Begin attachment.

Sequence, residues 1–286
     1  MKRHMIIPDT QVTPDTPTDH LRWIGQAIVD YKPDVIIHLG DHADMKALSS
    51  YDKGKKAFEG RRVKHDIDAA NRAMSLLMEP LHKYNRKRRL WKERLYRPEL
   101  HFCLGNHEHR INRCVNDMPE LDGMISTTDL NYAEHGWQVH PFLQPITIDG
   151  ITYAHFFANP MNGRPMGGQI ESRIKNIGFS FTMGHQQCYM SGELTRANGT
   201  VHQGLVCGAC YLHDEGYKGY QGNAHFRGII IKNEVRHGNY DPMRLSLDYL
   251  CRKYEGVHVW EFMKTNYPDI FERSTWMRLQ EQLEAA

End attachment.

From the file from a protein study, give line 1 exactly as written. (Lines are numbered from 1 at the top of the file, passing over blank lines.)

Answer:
Sequence, residues 1–286